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## #1 2006-01-09 00:39:33

siretfel
Member
Registered: 2006-01-09
Posts: 1

### Linear Programming (maximization)

The problem is as this:

You have company A that produces blue (20 tons) and yellow (16 tons ) paint. You can also produce green paint by an analogy of 2:1 i.e. 2 tons of blue and 1 ton of yellow gives 3 tons of green paint. Company A can only produce maximum of 6 tons of green though.

You can sell each ton of paint  by 100 dollar per ton. A company B can buy from you 8 to 10 tons of paint by an analogy of 2:2:1, i.e. 2 blue 2 yellow 1 green = 10 tons.

The problem is to find the maximum profit company A can make, i.e. (max) profit=120B+120Y+120G
and this requires to find the restrictions first.

Any help would be welcome cause the 'analogies' REALLY confuse me a lot!! (I mean the 2:2:1 etc etc)

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## #2 2006-01-09 11:52:49

4littlepiggiesmom
Member
Registered: 2006-01-09
Posts: 42

### Re: Linear Programming (maximization)

Not sure if all this is right but I get after they've made their 6 tons of green that
they have 16 tons of blue left and 14 tons of yellow!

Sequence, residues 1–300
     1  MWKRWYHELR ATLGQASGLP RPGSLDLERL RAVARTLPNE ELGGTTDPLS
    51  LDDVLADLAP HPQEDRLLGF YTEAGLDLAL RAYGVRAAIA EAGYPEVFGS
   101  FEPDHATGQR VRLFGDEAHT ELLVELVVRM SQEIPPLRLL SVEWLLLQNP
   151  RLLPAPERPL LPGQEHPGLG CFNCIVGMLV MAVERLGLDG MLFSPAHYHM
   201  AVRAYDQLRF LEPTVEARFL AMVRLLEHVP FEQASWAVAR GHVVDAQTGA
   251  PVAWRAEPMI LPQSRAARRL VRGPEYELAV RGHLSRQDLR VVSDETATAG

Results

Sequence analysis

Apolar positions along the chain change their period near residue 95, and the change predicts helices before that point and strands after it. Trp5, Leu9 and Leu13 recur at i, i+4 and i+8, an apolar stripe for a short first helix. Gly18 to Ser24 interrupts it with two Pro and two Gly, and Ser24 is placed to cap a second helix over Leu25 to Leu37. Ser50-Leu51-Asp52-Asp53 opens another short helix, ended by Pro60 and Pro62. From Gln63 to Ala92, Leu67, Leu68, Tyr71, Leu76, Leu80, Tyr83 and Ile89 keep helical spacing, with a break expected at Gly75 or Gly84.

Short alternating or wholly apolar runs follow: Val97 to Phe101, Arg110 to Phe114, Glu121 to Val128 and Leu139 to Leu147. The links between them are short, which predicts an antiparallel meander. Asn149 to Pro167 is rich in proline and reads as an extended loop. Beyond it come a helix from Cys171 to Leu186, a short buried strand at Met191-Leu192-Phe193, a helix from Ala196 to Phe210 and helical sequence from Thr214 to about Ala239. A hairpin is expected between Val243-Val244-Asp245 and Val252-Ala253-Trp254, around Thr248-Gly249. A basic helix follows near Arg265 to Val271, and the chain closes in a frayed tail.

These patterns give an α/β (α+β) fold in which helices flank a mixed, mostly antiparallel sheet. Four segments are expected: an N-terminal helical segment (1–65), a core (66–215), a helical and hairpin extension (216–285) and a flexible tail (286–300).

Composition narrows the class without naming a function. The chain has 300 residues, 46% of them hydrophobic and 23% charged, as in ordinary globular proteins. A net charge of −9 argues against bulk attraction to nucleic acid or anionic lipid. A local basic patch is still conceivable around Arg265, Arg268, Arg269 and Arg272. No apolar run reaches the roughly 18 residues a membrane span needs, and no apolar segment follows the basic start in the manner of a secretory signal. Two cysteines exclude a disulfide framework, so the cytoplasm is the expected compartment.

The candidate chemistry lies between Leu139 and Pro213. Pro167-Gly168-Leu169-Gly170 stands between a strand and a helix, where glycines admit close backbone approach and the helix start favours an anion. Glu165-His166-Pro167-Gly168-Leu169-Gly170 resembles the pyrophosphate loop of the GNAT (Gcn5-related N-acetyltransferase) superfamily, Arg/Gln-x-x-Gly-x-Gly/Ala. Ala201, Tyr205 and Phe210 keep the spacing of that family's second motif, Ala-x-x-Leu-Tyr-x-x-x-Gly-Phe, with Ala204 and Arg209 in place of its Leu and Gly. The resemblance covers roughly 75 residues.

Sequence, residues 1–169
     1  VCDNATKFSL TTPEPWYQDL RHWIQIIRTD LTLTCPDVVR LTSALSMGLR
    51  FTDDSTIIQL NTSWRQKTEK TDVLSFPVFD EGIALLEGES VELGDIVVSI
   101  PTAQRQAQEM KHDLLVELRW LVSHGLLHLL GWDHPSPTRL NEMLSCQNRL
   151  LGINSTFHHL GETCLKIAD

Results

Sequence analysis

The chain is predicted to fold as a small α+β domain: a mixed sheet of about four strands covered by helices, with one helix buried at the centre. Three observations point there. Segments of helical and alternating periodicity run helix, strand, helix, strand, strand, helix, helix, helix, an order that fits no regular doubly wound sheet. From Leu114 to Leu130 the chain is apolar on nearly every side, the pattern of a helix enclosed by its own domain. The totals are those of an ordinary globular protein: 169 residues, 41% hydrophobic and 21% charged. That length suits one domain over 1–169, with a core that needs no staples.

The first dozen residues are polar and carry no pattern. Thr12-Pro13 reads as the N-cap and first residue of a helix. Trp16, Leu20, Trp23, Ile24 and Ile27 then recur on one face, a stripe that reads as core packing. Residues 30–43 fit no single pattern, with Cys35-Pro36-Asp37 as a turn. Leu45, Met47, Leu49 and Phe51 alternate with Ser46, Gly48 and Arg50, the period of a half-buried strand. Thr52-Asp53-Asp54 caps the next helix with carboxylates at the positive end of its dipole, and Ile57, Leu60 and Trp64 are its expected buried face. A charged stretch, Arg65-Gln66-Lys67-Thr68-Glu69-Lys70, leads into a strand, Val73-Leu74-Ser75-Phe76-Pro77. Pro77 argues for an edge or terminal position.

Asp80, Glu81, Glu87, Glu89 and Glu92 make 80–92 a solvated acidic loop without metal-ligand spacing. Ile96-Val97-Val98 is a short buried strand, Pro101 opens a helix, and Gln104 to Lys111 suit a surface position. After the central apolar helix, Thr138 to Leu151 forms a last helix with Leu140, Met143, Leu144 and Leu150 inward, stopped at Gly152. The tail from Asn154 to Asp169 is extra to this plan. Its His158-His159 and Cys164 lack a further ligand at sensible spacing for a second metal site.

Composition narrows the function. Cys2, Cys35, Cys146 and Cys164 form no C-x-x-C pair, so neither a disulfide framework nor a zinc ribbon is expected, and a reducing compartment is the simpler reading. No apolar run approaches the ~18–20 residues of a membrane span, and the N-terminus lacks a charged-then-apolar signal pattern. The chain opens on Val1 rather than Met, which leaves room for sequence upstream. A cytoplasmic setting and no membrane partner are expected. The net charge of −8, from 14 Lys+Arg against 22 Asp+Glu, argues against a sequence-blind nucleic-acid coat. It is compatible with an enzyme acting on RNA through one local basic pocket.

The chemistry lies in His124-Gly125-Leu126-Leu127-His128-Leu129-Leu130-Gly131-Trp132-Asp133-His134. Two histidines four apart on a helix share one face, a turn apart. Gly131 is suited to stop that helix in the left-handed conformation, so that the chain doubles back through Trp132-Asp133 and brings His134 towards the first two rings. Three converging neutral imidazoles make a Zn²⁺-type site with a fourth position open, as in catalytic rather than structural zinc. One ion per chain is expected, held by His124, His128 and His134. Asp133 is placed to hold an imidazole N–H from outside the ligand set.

So when they sell they will sell 4 tons of blue + 4 tons of Yellow + 2 tons of green! for \$1000

This leaves them 12 tons of  blue + 10 tons of yellow and 4 tons of green; so if they could they could sell adnother of the 10 ton set and end up with 4 blue and 2 yellow letft...
Hope this is what you need and if not sorry! H

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## #3 2006-01-09 15:03:31

Member
Registered: 2005-11-28
Posts: 97

### Re: Linear Programming (maximization)

well, I am confused right away by your objective function...
Why are you maximizing 120B+120Y+120G ?
Since you are selling the paint at \$100 per ton, shouldn't it be max 100B+100Y+100G ?
and I'm not sure, but your constraints might need to look like this:
(note: The inequalities here are not strict...so when I use <, I actually mean less than or equal to)
2B+Y < 6
2B+2Y+G > 8
2B+2Y+G < 10
B,Y,G > 0

If this looks like it makes sense, I can help you solve it...If I have misunderstood, I apologize...and please clarify

The greatest challenge to any thinker is stating the problem in a way that will allow a solution.
-Bertrand Russell

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## #4 2006-01-09 17:32:53

John E. Franklin
Member
Registered: 2005-08-29
Posts: 3,588

### Re: Linear Programming (maximization)

6 green, 12 blue, 12 yellow makes 30 out of 36.
So sell three lots of 10 to sell 30 tons.
\$3000
Drawing a graph was helpful.   y=20-2x,   y= 16-x ,   y=3x,  for x between 0 and 2.

igloo myrtilles fourmis

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